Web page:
Worth of the front lines
Last week, Proctorville’s village council voted unanimously to increase pay for officers on the village’s police force to $12.50 an hour.
When we posted the story online, there was a large number of commenters outraged that those in law enforcement would make a low amount both prior to and after the raise.
To make it clear, we commend Mayor Rick Dunfee and the council for pushing this pay increase and are glad moves were made in the right direction. And council members are open to further boosts in pay for the police down the road.
The issue of low pay for officers is not unique to Proctorville and is common in small municipalities, which have been cash-strapped with declining tax bases.
Last July, the village of Chesapeake moved increase officer pay by $1.50 an hour, bringing it to $11.50.
Mayor Tommy Templeton and council made the move at the urging of interim police chief Randy Thompson, as the village was, at the time, the lowest pay in the county.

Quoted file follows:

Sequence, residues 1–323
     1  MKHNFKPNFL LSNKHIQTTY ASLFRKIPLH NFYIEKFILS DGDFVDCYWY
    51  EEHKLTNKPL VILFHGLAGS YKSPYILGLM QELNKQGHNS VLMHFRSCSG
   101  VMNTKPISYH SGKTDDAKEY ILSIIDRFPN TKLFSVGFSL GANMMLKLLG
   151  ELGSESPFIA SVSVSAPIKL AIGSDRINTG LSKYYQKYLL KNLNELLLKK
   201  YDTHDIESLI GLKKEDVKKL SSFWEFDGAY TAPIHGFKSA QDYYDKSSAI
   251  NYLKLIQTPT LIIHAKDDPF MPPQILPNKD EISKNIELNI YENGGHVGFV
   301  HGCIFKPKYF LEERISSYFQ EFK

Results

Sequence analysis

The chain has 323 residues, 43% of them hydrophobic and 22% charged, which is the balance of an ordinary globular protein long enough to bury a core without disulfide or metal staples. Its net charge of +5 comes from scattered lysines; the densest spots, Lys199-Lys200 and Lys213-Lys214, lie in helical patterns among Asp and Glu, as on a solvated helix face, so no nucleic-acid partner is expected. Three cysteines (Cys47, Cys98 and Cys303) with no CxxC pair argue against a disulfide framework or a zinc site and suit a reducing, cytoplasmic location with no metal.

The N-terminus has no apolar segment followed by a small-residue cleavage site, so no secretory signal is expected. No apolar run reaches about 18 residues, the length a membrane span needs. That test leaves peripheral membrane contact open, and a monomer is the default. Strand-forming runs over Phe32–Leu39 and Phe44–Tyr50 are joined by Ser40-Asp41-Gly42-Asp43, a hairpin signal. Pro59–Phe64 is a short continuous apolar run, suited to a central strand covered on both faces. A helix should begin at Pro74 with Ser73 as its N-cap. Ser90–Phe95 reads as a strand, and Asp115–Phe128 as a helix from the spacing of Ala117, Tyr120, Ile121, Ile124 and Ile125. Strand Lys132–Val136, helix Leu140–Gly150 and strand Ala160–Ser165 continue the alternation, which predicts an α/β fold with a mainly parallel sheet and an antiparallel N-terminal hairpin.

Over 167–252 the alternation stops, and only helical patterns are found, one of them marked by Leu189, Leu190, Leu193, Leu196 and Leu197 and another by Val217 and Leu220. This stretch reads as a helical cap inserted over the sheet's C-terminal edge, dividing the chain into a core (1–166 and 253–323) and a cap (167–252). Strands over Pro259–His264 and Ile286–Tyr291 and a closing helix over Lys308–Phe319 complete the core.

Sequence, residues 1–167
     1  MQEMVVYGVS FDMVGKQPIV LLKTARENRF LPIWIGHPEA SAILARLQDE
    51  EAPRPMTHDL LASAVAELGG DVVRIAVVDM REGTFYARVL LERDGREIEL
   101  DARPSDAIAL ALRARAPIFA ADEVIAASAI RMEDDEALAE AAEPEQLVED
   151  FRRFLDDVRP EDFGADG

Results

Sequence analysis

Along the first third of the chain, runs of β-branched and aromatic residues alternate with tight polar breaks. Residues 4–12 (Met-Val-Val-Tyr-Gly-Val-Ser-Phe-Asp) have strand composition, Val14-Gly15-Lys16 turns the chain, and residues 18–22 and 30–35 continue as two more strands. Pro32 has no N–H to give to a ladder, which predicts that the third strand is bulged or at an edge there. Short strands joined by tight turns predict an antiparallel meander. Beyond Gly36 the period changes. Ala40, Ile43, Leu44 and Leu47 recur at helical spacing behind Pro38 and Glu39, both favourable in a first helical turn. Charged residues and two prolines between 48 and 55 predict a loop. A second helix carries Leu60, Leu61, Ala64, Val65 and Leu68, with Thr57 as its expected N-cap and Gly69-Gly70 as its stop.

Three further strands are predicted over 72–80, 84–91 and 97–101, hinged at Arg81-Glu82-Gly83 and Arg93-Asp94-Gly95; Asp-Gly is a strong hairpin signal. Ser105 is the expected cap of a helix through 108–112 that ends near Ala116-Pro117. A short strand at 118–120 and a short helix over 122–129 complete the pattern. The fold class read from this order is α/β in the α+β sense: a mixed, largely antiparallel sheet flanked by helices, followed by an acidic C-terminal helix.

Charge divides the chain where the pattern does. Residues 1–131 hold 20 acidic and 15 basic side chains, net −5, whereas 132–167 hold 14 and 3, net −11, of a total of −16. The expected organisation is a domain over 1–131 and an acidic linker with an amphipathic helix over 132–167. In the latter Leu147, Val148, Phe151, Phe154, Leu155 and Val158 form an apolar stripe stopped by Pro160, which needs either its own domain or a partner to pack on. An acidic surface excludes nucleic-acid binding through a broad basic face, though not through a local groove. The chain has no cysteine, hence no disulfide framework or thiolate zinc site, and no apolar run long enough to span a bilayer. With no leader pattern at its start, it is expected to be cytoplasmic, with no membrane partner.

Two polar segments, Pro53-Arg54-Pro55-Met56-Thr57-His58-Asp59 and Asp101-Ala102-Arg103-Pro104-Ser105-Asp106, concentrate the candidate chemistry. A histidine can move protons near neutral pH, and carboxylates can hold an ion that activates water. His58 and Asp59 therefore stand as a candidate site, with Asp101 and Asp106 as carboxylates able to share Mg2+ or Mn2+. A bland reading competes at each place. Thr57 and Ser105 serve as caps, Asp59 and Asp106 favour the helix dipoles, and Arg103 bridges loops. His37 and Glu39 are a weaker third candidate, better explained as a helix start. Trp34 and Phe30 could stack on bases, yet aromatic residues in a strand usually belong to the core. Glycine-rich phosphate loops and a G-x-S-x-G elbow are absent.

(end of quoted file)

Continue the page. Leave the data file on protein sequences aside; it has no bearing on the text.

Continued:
Thompson said the move would help the village to retain officers.
We understand villages have to be cautious with spending and are leaders are doing the best they can in this situation.
But it still is disheartening to hear that anyone putting their life on the line isn’t getting more compensation.
The job of law enforcement comprises far more than simply writing traffic tickets, with officers being first on the scene at accidents, dealing with domestic disputes or on the front lines of the opioid epidemic facing our region.
The impacts of local police work extends far beyond the village limits.
That is why we hope this issue could be addressed at the larger level and that county, state and federal leaders can help.
Investing in local policing would be a wise move by officials and it is imperative that more be done to ease this funding crutch and ease the burden of local governments.